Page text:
Recommended: Enable automatic network type detection
Manual setting value: bandwidthautodetect:i:value
Network auto detect: Determines whether to use automatic network bandwidth detection or not. Requires the previous option to be set.
Attention: Connection type 7 is required.
Generally, these settings can be defined as well in a RDP file. We distinguish between the following modes on-premises:
1 – Modem (56 Kbps).
2 – Low-speed broadband (256 Kbps – 2 Mbps).
3 – Satellite (2 Mbps – 16 Mbps with high latency).
4 – High-speed broadband (2 Mbps – 10 Mbps).
5 – WAN (10 Mbps or higher with high latency).
6 – LAN (10 Mbps or higher).
7 – Automatic bandwidth detection – REQUIRES bandwidthautodetect
The setting itself, doesn´t do anything, when set. It becomes active, when select in the RDC GUI and changes automatically several performance related settings such as: Themes, Font Smoothing, Aminations etc.
Recommended: Use automatic network bandwidth detection.
Manual setting value: networkautodetect:i:value
Compression: Determines whether bulk compression is enabled when it is transmitted by RDP to the local computer.
This setting was first introduced in the RDP6 protocol and has helped in reducing the RDP network bandwidth significantly. In some cases you might want to disable this setting, as there are already mechanisms by your network vendors (e.g. Cisco Wide Area Application Services), where compression occurs problems. This must be identified together with your networking team.
Recommendation: Enable RDP bulk compression.
Manual setting value: compression:i:value
Video playback: Determines if the connection will use RDP-efficient multimedia streaming for video playback.
This setting has been first introduced in July 2009, where improvements have been made to optimize the overall video playback experience for Win7 and Win2008 R2 servers. Technically it means, that the client (endpoint) will receive the original compressed multimedia stream from the RDP server / WVD Session Host and decode it on the local hardware for displaying. This is also an improvement of the network bandwidth, as the data will be received compressed on the endpoint.
Recommendation: Use RDP-efficient multimedia streaming for video playback when possible.
Manual setting value: videoplaybackmode:i:value
Microphone redirection: Lets you decide if you want to redirect audio capturing devices from you local endpoint to the remote session. Required for video conferencing tools as Webcams with Mics and other microphones will not work.
Recommendation: Enable audio capture from the local device and redirection to an audio application in the remote session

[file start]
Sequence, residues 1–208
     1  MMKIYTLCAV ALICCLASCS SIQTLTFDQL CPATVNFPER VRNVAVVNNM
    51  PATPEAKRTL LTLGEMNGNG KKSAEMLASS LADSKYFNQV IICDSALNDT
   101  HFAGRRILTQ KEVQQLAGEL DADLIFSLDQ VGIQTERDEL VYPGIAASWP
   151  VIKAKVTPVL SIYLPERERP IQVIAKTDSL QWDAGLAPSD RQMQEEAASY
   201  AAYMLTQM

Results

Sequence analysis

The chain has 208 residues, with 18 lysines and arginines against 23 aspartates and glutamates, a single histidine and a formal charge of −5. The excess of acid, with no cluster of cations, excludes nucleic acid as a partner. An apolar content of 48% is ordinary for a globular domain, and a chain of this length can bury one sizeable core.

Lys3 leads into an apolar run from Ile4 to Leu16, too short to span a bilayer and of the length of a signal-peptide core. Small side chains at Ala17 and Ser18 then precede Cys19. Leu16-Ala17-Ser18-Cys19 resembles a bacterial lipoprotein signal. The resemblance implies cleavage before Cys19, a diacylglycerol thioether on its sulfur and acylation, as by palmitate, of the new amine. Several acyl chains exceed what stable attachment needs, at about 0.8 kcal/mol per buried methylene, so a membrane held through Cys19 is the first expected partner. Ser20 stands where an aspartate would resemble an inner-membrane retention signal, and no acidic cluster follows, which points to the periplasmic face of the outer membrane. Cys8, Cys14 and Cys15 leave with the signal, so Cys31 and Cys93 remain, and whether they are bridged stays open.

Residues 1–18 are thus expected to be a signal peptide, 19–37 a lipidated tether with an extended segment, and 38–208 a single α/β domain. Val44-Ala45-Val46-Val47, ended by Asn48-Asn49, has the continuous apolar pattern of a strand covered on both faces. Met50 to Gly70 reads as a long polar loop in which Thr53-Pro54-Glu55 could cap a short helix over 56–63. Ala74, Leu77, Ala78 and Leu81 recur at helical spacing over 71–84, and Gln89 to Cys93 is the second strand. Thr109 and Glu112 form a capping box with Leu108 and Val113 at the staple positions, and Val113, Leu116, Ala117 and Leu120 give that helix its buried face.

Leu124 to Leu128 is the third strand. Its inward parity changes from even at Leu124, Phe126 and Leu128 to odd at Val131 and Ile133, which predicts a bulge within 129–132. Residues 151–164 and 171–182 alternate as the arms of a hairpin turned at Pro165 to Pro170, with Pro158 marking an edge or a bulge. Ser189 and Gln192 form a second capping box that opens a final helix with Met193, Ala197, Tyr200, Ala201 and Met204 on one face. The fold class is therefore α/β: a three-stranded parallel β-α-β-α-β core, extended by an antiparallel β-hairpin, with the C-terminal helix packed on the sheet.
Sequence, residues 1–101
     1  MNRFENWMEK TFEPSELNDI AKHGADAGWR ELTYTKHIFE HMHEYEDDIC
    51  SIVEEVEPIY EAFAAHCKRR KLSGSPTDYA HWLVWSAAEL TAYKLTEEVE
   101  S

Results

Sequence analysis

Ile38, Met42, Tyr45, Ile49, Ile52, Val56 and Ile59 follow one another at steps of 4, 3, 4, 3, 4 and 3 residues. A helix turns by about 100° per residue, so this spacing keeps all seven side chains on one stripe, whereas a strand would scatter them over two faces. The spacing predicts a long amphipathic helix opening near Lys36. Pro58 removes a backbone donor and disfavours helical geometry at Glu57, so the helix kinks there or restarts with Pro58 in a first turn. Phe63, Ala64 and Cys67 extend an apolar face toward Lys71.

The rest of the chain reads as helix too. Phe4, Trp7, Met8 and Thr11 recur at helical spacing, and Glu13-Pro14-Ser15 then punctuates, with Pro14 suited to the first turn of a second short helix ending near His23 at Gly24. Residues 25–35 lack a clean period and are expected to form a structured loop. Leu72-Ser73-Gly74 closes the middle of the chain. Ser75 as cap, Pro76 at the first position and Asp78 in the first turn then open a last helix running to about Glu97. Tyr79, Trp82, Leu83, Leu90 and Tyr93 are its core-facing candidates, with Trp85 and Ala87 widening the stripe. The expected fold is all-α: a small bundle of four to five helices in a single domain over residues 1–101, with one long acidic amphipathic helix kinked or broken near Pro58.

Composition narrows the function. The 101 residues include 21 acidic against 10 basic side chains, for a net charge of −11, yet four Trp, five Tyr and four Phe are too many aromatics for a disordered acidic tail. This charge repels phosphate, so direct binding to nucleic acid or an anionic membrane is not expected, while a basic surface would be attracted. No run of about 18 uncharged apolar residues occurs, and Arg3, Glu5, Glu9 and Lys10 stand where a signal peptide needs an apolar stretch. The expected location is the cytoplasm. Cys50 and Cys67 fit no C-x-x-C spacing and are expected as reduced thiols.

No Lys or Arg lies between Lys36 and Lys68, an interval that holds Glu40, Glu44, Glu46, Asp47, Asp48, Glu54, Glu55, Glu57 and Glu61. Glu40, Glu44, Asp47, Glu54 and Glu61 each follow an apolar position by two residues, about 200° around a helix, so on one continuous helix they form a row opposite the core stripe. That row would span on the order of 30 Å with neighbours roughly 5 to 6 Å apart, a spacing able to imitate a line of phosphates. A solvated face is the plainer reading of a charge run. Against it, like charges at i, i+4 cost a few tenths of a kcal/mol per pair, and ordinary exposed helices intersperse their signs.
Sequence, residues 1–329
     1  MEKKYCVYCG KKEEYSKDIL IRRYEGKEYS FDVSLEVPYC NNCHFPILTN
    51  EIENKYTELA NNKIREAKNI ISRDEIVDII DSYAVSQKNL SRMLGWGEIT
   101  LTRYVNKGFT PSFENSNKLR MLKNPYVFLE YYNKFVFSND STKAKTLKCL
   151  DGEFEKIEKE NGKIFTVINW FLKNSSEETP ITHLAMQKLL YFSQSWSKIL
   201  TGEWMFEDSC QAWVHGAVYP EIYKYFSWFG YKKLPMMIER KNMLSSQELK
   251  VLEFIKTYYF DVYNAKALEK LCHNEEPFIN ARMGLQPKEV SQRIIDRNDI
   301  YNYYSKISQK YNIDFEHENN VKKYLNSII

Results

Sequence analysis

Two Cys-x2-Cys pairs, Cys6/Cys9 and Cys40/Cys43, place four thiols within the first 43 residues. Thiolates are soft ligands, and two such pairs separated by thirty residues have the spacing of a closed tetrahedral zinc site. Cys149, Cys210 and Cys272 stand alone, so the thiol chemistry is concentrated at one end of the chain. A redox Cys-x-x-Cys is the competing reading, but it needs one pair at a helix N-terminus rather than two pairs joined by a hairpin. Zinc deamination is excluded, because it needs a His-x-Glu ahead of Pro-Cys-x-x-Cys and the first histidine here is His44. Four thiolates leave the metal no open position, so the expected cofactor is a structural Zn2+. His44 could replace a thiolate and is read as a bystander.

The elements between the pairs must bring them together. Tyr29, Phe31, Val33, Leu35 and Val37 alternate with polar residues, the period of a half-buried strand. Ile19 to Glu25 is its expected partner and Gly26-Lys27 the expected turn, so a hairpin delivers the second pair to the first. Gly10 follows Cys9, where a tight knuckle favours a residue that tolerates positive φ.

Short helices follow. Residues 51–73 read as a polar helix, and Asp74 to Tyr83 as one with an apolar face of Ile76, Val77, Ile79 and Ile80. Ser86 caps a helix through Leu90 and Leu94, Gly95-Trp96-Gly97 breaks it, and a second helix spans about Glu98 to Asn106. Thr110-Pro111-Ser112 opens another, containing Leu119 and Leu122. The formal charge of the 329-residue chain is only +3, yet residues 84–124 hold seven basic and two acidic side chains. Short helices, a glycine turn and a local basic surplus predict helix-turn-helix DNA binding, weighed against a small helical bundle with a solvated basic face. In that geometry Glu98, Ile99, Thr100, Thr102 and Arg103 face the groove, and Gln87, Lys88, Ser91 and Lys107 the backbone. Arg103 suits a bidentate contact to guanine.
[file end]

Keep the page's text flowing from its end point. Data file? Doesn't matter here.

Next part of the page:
Manual setting value: audiocapturemode:i:value
Redirect video encoding: Enables or disables the video encoding on the local endpoint for the RDP session.
Recommendation: Enable encoding of redirected video.
Manual setting value: encode redirected video capture:i:value
Encoded video quality: Helps to define how much a video will be compressed for the remote session. You have the following options with the impacts:
Manual setting value: encode redirected video capture encoding quality:i:value
Audio output location: Defines, where audio will be played while being connected to the remote session. You can decide between the following options:
Recommendation: Play sounds on the local computer
Manual setting value: audiomode:i:value
Camera redirection: Helps to define, if cameras / webcams can be redirected to the remote session from the local endpoint. You can redirect all cameras, or define manually a list of cameras to be redirected. Important! The redirection of the camera is mandatory for the usage of video conferencing tools such as Teams.
Recommendation (simplified): Redirect cameras.
Manual setting value: camerastoredirect:s:value
USB device redirection: Helps to define, if and which USB devices shall be redirected to the remote session host from the local endpoint. You can define, whether you want to decline any redirected USB devices, redirect all supported drives including later connected ones or to manually enter the list of USB devices while using the hardware ID.
Recommendation (simplified): Redirect all USB drives
Attention! Redirecting all USB drives is just a very simplified option! For security I don´t recommend this setting as any foreign USB key with potential malware on it can be plugged and being redirected to the remote session. Please evaluate this setting from case to case!
Manual setting value: devicestoredirect:s:value
Drive/storage redirection: Determines, which local drives shall be redirected to the remote session. The following options are available:
The options are nearly self-explaining. You can decide to redirect all drives, also those attached at a later time. You allow only drives, connected after the remote session has been established, or you define manually the drives and labels to be redirected.